Tag Archives: cloud computing

Halfway Mark

Wow, June already. Time flies in the enjoyable world of translation and technology.

I embraced the cloud 6 years ago having evaluated the benefits of Platform and Software as a Service and believed in, what was then, a future vision of all kinds of intelligent distributed services which would be impossible to achieve with a private, internal infrastructure. It was interesting to see that light bulb flash on for non-cloud using attendees at Microsoft’s Red Shirt Dublin event with Scott Guthrie last week.

scottgu

 

Scott took us on a whistle-stop tour of Azure facilities from Functions (a few lines of code executing logic on demand) to arrays of GPU’s running Deep Learning algorithms capable of doing face recognition and sentiment analysis.

 

Within the development team at work our utilization of such technologies continues: Neural Network Machine Translation; Adaptive Machine Translation; Continuous Integration; Distributed Services; and Serverless functions and logic.

At the Research end of the scale, having successfully completed our most recent European Project, I’ve been re-engaging with local research centers and interest groups. This month’s and last month’s Machine Learning Meetups were testament to how dominant Deep Learning is in driving business success and competitiveness.

And because working hard has to be balanced by playing hard I’ve ramped up sailing to three times a week.

1720

 

The Cork 1720’s I go out in are just wonderful boats.

 

 

 

We started the year with some operationally complex, significant impact projects. Progress has been slower than I would have liked but ensuring we have a solid base upon which to build is critical to the overall success. My impatience is to realize some of the potential gains now but the collateral risk is too high. So, at the midpoint we are looking at a busy next two quarters to get everything we want done but the team is well capable.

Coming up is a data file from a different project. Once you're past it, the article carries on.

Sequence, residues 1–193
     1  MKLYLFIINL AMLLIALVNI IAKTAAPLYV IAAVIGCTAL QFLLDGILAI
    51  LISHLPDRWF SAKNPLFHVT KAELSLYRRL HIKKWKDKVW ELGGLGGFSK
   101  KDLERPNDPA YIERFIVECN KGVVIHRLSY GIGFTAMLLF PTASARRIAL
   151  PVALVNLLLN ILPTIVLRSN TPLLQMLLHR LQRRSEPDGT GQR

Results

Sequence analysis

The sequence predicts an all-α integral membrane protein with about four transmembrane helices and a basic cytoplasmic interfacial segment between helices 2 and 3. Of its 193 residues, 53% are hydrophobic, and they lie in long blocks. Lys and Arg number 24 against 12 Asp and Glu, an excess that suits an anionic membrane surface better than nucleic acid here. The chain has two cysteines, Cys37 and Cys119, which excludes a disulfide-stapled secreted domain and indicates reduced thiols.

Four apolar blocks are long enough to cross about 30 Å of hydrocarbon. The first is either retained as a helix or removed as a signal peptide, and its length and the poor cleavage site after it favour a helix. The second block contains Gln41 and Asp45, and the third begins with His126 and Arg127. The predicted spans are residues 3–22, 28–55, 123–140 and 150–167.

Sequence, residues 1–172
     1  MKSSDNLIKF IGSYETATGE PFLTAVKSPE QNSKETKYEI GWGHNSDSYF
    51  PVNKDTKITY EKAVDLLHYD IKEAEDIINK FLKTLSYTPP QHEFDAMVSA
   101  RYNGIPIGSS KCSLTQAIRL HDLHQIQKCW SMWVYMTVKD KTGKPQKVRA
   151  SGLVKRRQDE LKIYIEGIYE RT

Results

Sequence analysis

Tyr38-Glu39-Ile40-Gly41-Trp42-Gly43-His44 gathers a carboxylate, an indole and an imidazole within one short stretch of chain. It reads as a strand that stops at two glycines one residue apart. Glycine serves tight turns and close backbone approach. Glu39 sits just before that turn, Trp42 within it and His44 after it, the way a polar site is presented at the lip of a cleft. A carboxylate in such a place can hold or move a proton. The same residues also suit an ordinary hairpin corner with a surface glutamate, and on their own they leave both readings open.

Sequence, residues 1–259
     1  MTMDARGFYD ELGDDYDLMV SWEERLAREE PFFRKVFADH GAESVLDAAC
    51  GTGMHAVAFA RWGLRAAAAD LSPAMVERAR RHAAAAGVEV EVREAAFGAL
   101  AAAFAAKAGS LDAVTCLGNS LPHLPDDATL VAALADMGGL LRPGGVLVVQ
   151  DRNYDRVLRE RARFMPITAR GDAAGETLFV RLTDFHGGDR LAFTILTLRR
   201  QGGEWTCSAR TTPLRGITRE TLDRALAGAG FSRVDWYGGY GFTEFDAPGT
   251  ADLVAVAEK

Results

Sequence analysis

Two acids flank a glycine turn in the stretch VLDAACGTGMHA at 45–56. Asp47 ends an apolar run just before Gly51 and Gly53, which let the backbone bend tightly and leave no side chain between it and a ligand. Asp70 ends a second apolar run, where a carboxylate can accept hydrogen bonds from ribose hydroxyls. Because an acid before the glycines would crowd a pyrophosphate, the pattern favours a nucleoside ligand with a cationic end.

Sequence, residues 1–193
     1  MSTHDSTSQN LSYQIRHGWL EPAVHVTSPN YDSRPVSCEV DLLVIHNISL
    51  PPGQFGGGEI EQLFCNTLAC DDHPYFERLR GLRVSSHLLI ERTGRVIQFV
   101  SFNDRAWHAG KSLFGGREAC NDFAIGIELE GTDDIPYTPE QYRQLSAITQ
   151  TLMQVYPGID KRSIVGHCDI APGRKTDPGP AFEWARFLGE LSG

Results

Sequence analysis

Fast and Loose

About a year ago we started to think about the cloud and how it could help us. Should we put our relational databases in the cloud and stop having to worry about their size? Should we try to put our network and compute heavy processes in the cloud freeing up internal compute and network bandwidth? Could it just make us more agile and less capital expenditure sensitive in responding to compute and storage requirements?

We prevaricated on these questions for a while because in hindsight we didn’t understand the mindset change. To me it was like moving from procedural, interpreted languages to compiled, object oriented.

We finally “got it” when we had the challenge of trying to efficiently produce results for an unpredictable number of concurrent new compute heavy tasks.

After optimizing algorithms, our initial perception was that all we needed to do was throw more processors at it. How wrong we were. Next up, after making computation parallel was data storage and memory requirements – the bottleneck had shifted from compute to storage and retrieval (I/O). Seriously, I/O can slow things down considerably. After finding a solution to that it was how do we scale out and not up – more processors rather than bigger processors.

Eventually we came to understand that a true cloud architecture makes use of many patterns or paradigms: fault tolerant service bus (message queue), several compute instances, noSql data storage, web service endpoints and thinking of every operation as asynchronous.

What you end up with is a loosely coupled but highly fault tolerant, highly scalable, flexible, separated concerns configuration.

We are close to deploying this new platform and I’m very excited about it. We have no single points of failure, unlimited extensibility points – a very robust and scalable infrastructure.

We’ve prototyped bits of this on both AWS and Azure and are confident that deployment on either is workable.

No doubt we’ll hit limitations or problems at some point but right now the return on investment looks unbeatable.